Even as I coolly observe the litany of human atrocities, I must acknowledge my own participation. If I saw the tally of pain caused by my own words and actions, I’d be shocked and possibly even horrified.

This ever extending circle of pain moves into the heart and back out again, infecting all people in its path. In it, I discover another world, an inner world of human heartache, loss and disappointment. From powerful CEOs to powerless babies, no one lives on this earth without pain and loss. Degrees and dollar signs and diamond rings often hide hearts filled with fear, depression, anxiety, and loneliness.

After moving through multiple worlds in the day, I return home to an ancient world. A world of things unseen: a world of story, of faith, of hope and of love; a world populated by a risen Lord, a host of angels and a communion of saints. This old world lives by a book where the youngest text is almost two thousand years old.

This old world can make some aspects of the new world look a bit suspect. If an idea is only one or two hundred years old, it is still in its infancy. It has yet to survive or impact through generation after generation. How can its value be determined? What might seem shiny and new and important, might not even be remembered in years to come. What might appear as the answer to all our problems might someday come to light as the beginning of all our problems.

This old world tells and retells the same stories. Prays and reprays the same prayers. This old world remembers. In this old world, I walk the same ancient paths again and again and again. In this old world, I eat bread, I drink wine, and I remember the body broken for me, the blood shed for me.

Remembering is not simply about recalling, it is about becoming what was, what is and what is to come. As I remember, the Spirit of God draws me into the communion of love:
He draws me into the story of Jesus who lays down his life for the world; into a communion of Jesus followers’ who also remember and in some way are engrafted together in the same story of sacrifice.

As I remember the story, I realize this is not simply an old world, but a new world. For this old world is always drawing me forward to a kingdom come, a wedding feast, a celebration of God’s love and goodness triumphing over evil and pain and oppression.

The Savior who dies and lives again is the sign, the first fruit of a new creation. By remembering this story again and again and again, I somehow, some way enter into the story, or it enters into me. It becomes a part of me. This old world extends into my inner world. The story works its way into my body: my eyes, my hands, my feet, my heart.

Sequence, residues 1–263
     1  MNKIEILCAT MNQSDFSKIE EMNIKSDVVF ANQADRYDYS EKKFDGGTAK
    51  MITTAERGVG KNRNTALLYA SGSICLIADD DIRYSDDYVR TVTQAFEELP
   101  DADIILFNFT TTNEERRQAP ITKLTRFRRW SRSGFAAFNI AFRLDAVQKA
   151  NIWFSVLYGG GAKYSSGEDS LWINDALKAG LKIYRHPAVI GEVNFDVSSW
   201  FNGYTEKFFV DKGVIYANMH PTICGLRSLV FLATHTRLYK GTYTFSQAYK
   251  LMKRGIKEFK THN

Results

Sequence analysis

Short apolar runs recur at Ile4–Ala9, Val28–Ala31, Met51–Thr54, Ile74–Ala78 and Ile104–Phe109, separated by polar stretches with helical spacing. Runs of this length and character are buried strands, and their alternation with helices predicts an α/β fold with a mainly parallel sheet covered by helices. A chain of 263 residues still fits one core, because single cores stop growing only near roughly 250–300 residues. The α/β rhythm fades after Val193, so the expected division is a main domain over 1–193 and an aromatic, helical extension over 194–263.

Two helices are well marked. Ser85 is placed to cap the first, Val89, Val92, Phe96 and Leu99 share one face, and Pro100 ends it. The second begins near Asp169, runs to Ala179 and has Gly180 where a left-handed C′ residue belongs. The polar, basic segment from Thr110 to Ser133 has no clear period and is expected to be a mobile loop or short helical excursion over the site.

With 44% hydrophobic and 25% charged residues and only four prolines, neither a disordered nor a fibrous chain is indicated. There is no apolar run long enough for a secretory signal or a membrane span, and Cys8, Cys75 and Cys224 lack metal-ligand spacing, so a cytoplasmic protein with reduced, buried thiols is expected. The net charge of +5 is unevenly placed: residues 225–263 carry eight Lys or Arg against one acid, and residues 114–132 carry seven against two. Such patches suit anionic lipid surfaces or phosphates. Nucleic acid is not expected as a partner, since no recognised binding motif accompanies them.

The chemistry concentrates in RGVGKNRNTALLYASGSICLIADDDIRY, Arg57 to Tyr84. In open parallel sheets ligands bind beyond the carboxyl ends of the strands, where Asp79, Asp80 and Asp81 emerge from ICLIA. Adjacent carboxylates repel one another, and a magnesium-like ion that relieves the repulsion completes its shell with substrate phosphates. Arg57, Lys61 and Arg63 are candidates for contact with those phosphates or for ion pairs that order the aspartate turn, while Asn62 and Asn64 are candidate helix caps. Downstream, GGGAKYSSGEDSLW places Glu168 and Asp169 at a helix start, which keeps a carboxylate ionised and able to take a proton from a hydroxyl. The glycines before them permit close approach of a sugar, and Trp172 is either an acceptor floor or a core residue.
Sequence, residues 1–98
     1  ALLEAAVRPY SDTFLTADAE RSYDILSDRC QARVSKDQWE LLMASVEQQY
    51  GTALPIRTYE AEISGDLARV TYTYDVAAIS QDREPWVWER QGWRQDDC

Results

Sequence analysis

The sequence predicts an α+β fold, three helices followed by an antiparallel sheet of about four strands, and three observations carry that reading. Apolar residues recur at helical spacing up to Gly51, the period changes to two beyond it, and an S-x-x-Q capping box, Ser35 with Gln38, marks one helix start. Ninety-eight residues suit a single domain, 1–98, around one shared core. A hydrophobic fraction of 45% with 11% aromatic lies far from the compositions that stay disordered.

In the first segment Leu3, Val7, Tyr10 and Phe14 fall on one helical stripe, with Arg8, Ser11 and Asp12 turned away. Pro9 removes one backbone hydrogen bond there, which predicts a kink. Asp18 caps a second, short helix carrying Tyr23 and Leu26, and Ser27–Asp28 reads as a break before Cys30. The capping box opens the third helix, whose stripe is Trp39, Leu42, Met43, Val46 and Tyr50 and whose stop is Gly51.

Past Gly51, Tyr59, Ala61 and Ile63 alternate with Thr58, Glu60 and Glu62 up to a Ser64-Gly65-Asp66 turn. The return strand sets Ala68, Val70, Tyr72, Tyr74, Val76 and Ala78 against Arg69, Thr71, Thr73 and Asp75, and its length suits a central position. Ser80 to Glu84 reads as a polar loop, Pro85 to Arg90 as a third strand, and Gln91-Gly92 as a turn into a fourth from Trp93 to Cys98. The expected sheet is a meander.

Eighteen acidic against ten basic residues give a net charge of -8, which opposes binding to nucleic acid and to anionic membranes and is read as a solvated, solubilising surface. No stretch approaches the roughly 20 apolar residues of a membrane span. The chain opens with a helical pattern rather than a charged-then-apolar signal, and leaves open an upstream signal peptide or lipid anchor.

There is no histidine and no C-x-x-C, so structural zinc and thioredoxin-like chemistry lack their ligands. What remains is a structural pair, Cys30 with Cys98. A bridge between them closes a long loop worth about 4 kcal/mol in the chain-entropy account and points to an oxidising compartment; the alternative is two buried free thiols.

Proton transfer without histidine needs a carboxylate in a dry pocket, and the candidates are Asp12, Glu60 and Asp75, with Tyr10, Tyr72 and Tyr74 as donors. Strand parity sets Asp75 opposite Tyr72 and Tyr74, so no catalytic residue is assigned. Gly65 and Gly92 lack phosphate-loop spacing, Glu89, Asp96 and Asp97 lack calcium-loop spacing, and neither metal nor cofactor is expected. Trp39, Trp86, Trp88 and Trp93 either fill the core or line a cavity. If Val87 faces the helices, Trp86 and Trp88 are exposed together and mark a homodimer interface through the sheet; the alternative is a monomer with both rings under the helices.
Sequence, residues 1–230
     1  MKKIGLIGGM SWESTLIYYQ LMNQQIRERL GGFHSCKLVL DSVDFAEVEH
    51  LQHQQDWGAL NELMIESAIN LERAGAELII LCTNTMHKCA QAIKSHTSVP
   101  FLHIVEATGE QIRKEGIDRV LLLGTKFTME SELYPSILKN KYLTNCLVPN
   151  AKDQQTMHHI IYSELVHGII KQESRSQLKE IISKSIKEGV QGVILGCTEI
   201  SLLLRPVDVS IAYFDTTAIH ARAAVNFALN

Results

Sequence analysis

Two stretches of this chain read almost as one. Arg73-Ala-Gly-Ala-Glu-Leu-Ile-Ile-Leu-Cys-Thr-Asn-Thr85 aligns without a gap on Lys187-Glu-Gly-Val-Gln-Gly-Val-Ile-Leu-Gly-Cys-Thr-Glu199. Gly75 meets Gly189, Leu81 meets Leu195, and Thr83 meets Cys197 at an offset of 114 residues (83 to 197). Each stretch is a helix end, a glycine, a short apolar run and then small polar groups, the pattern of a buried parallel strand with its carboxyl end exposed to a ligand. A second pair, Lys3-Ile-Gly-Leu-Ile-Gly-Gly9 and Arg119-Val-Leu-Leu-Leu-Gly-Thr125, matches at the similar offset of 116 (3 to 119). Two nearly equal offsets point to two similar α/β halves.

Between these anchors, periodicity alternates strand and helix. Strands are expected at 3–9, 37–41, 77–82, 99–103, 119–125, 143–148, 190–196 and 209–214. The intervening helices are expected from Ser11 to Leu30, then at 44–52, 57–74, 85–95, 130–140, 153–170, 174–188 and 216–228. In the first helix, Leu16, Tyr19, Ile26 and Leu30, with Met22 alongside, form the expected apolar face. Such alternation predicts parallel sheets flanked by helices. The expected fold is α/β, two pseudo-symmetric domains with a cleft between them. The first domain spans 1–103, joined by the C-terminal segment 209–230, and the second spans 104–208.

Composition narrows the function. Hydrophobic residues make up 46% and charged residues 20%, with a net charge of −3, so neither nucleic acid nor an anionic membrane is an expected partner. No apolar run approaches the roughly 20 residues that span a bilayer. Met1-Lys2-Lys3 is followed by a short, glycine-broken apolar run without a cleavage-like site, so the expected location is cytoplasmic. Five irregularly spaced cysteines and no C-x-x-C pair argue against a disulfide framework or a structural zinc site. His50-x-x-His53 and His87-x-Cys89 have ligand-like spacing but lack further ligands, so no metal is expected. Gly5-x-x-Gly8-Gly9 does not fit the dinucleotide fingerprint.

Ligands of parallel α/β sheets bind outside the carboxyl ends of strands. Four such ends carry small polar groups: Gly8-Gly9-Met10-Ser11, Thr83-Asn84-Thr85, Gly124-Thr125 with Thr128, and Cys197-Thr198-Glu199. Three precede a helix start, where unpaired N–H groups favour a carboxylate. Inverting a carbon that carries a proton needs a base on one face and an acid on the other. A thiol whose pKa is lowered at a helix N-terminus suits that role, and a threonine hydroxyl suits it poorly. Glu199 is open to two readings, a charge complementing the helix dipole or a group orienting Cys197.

As I step out into the outer world of human striving, an ancient memory is still pulsing in my blood. As I look around, my eyes remember the Savior and I see past the fa├žade of titles and fashions and human bravado. I see a world of people created and loved by the heavenly Father.

In my hands, the memory of Jesus lives. His hands bless the children, heal the hurting and open to the pain of the cross. As the memory enters my hands, I feel the call to carry burdens, to embrace the needy, and to raise the grievance and the pains of the world around me to the Father of all creation.

My feet remember the Savior who walks to Jerusalem and onto to Golgotha. My feet remember and are constrained to walk into the pain, into the path of those who need love, and into the darkness. My feet cannot run away from a world in despair but must run toward it.

And even as I face the aching, dying, bleeding world infatuated by newness and latest, yet continually longing for life. I feel the tug of my heart, remembering the heart broken, pierced and crushed for the hurting. And from the cross, I hear the Savior saying, “Come and die with me.”

In the ancient world of the cross, I discover a Savior who redeems the worlds around me. His life, death and resurrection penetrate the inner world of hearts disfigured by the painful impact of sin. His redeeming power moves into the outer world of human conflict and division, offering hope in a cross-shaped peace that breaks down the barrier of love.

From ancient past to the end of time, His love extends and encompasses a world that thinks time is running out. But time is not running out but running toward the world’s one true lover. He is redeeming every moment, every second.

My sleeping and waking dreams of many worlds run toward this hope of redemption. For as I enter into the world of the cross, I come see all worlds, all things, all creation being brought to fulfillment in Christ alone.